Study bolsters hybrid, online learning efficacy Posted on July 30th, 2009 by Michael B. Horn

A new study from the Department of Education, titled Evaluation of Evidence-Based Practices in Online Learning: A Meta-Analysis and Review of Online Learning Studies, examined several studies comparing online learning to face-to-face learning and concluded that, “Students who took all or part of their class online performed better, on average, than those taking the same course through traditional face-to-face instruction.”

Other studies have reached similar conclusions in recent years, and what is also interesting about this study is that it found that blended learning—in which a course combines elements of online and face-to-face learning—is the most effective. This is significant as blended or hybrid learning appears to be the fastest growing form of online learning out there, which, as we’ve said before, does not surprise us at all.

The study focused mostly at levels above K-12—undergraduate, graduate, military, and so on. The report is available online at

This study from the federal government is critical in its validation of the growing disruption of online learning. Online learning has proven itself by allowing people to access quality courses in places where they otherwise would not have had access to them—and in the post-secondary world by making education far more convenient and affordable for many people who otherwise would not be able to access it.

What’s important, however, is not to confuse the medium as the root cause for the results. Just because something is online does not automatically make it as good as or better than face-to-face. The medium and its accompanying new system do shift the platform of learning. This gives us the opportunity to give every student a quality experience and to customize for each individual in the way that he or she learns by making time variable and the learning constant; improving time on task as the report notes; offering students different paths; and so on. By doing this, we address some of the root causes of an individual’s struggles.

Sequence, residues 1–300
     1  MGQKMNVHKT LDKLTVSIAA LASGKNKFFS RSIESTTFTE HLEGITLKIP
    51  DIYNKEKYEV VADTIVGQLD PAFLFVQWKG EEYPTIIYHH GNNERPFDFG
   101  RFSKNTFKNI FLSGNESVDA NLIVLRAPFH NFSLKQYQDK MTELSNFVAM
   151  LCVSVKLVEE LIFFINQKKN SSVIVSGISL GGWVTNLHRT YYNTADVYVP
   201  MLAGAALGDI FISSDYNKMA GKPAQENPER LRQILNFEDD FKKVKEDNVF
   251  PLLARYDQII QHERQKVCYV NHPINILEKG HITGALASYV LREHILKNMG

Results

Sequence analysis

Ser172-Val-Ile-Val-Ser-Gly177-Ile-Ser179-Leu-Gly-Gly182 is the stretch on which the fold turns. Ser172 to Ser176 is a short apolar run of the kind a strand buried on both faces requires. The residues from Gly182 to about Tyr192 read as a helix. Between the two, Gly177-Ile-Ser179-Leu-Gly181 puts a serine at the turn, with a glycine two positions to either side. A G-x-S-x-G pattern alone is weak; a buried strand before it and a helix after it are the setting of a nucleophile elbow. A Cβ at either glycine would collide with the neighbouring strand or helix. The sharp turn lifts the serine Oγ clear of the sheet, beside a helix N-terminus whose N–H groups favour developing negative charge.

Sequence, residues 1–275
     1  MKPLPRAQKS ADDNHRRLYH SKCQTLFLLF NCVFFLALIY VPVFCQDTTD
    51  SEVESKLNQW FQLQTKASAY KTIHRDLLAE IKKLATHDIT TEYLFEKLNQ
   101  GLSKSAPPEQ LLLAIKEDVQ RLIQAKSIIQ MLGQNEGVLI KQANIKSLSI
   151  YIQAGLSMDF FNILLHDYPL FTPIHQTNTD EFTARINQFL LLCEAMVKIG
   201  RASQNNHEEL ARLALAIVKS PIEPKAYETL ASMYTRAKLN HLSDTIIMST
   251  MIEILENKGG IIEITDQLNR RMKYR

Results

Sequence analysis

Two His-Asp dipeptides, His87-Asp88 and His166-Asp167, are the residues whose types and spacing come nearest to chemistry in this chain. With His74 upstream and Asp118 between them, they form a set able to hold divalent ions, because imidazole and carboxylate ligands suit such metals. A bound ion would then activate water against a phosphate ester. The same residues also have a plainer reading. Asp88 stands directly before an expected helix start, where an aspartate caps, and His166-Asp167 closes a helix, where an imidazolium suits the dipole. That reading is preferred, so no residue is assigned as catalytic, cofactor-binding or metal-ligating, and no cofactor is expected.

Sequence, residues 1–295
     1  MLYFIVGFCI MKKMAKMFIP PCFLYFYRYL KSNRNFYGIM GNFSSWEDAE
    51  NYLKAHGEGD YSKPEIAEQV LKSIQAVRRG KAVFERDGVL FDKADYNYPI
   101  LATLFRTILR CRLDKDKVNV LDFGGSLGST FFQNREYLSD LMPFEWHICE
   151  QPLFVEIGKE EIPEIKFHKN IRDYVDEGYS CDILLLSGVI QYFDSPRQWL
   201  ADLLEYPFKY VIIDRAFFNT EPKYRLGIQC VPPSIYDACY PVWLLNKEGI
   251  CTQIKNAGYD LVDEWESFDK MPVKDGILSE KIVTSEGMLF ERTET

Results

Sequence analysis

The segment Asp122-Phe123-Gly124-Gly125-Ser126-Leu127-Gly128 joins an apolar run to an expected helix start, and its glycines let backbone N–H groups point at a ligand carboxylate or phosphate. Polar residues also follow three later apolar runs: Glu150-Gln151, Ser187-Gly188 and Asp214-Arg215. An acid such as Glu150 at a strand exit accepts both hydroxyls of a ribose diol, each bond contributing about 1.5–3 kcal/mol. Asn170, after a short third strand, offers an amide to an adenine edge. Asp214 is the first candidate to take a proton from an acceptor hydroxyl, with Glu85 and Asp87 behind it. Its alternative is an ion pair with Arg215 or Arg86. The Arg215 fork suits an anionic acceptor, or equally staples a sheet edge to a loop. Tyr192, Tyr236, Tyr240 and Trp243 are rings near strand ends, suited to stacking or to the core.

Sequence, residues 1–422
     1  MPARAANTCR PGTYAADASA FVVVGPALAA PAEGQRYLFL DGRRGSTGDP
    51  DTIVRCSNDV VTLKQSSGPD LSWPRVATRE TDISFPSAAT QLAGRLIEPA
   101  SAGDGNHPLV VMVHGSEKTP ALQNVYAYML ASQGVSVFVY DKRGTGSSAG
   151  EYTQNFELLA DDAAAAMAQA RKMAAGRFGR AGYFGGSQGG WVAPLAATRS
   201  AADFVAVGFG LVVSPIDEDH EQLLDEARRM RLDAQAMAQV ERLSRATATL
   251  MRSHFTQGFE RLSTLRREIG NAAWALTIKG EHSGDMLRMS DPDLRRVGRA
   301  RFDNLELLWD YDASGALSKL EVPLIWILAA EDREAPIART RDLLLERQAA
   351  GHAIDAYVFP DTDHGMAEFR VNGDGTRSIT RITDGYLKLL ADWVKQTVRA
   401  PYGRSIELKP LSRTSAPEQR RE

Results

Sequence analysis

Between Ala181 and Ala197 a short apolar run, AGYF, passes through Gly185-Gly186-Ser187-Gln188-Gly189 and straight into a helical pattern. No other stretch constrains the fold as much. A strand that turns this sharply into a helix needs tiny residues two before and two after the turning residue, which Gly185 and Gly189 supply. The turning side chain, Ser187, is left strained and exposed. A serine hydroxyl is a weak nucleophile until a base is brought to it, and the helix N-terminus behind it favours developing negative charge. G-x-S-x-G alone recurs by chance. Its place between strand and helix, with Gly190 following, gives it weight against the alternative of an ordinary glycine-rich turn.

What we now need is better online programs that better customize to engage students by being intrinsically motivating and targeting specific needs—and thus take full advantage of this exciting medium.

The trading markets can be classified into different types on a number of bases, such as the type of assets traded, the location of the operating center, trading entities, history and prominence etc. Based on the proceedings of the sale of assets, markets can be classified as primary and secondary, which are further described in this post.

What is a Primary Market?

A market where initial or first-hand transactions take place between the company as the seller and the buyer is a primary market. Transactions in the primary market are aimed mainly to generate money and the best example is the initial public offering in which the company sells a certain number of its shares or securities to the public. Another type of primary market transaction is the private placement, where the company sells the concerned shares, bonds or equities to a specific individual, association or company.  When shares like hedge funds, mutual funds etc are offered not to the general public, but to a preselected group of investors, it becomes preferential allotment.

The requirements of conducting a primary market transaction are revolved around registering the prospectus of transactions with the Intellectual Property Commission. Registration is compulsory and the seller company has to disclose all the necessary information related to the shares and contracts to the Commission. The registration can be expensive due to the cost of all these procedures including registration, underwriting, legal formalities, accounting, notifications etc.

What is a Secondary Market?

A market where transactions resulting in ownership transfers between two individuals or companies are carried out is a secondary market. The transfer can be that of securities like equity and bonds, shares, currencies etc.  A secondary market transaction involves one owner or lender selling to another. Therefore, the secondary markets provide the means for transferring ownership of corporate securities. The JSE is the largest stock exchange in Africa. The shares of over 400 companies are traded on the JSE using an automated trading system and all trades are executed electronically.

Typical examples of secondary market are the New York Stock Exchange, NASDAQ etc which are also called stock markets and markets where investment banks, corporate and other investors exchange bonds, mortgages and mutual funds. The cryptocurrency or digital currency trading market is also considered as a secondary market where owners exchange the ownership of the currencies either directly or through crypto traders. A secondary market can be a dealer market where prices are negotiated electronically or an auction market where traders announce the price they are willing to pay by grouping in one place.

– Michael B. Horn

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